You’ll want to file a change of address form with the U.S. Postal Service, either online or at your local office. If you don’t know your new address, have them hold your mail at the post office in your new locale. Don’t forget to cancel or transfer magazine and newspaper subscriptions as well.

If you belong to a health club or other association, contact them about ending or transferring your membership. Some clubs require written notice before cancellation. Finally, contact your bank or credit union to transfer or close accounts; if you have a safe-deposit box, don’t forget to clean it out before you leave.

Starting the countdown

With moving day in sight, it’s time to get organized. Here are a few items to check off your list before you start packing:

  • Tie up loose ends. Be sure to send out an email or change of address cards with your new contact information to family, friends, and associates. Return library books and any other borrowed items you may still have.
  • Triage your possessions. Determine what you are taking with you; what you are giving away to friends, family, or a favorite charity; and what is going to the dump or recycling center.  If you have time, you can hold a garage sale or post items on craigslist.org or ebay.com.
  • Clean up. Drain all gas and oil from your mower, other machinery, gas grills, kerosene stoves and lamps, etc., before loading them onto a moving truck. Empty, defrost, and clean your refrigerator at least 24 hours before your move, and prepare other appliances for moving as well.
  • Have your car serviced. This is especially important if you are driving to your new home.

Packing strategies

If you are doing your own packing, start collecting boxes and/or buy them from your movers. It may take a few days to do your packing, so be sure to pack non-essential items first and label them carefully. If you have any valuables, it’s recommended that you take them with you as opposed to packing them. You risk the chance of losing those items if they’re packed away in boxes. It’s also smart to take along a box of essentials, including items such as toilet paper, paper towels, tape, soap, scissors, pens, paper, and your toiletries. That way you won’t have to track these items down once you’ve arrived in your new home.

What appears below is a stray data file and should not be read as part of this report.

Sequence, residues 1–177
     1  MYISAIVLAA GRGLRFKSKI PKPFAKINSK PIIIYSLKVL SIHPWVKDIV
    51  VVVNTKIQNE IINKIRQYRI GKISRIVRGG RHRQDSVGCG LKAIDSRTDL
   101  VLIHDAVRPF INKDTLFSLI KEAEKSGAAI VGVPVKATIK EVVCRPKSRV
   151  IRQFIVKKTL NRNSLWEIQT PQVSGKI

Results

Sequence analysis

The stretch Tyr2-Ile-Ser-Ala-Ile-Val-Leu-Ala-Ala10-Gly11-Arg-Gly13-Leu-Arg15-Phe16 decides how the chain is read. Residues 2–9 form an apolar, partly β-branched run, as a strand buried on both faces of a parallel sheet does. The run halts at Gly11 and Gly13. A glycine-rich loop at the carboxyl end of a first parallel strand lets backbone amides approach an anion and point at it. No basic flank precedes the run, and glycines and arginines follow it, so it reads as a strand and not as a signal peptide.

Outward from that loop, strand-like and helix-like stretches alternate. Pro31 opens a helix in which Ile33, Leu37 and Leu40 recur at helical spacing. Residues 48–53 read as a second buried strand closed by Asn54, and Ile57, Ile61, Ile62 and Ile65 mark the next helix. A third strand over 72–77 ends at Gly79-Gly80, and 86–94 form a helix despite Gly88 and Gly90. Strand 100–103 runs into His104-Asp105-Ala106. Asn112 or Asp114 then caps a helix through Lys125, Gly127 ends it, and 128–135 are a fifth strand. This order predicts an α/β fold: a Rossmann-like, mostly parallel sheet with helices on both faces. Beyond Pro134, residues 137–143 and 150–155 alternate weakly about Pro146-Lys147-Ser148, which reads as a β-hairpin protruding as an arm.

For more information on how to make your move easier, visit our Moving Tips page here: How can I make moving easier? 

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10 Costs Associated with Buying a Home

Some expenses that come with buying a home are easier to account for than others. Knowing the costs associated with buying a home will not only help you budget accordingly but will also pinpoint which homes are truly affordable for you. In no particular order, here are ten costs you can expect to encounter when buying a home.

10 Costs Associated with Buying a Home

1. Down payment

The down payment is a lump sum paid by the buyer upfront. The exact amount required varies by lender and loan type, but in general, a substantial down payment will help decrease your monthly payments. Making a traditional twenty percent down payment means less risk for your lender, opening the door for lower interest rates and avoiding the need for private mortgage insurance (PMI). But if you can’t come up with that much, it’s not a dead end. PMI and its various alternatives can help close the gap and provide a path to homeownership.

2. Homeowners insurance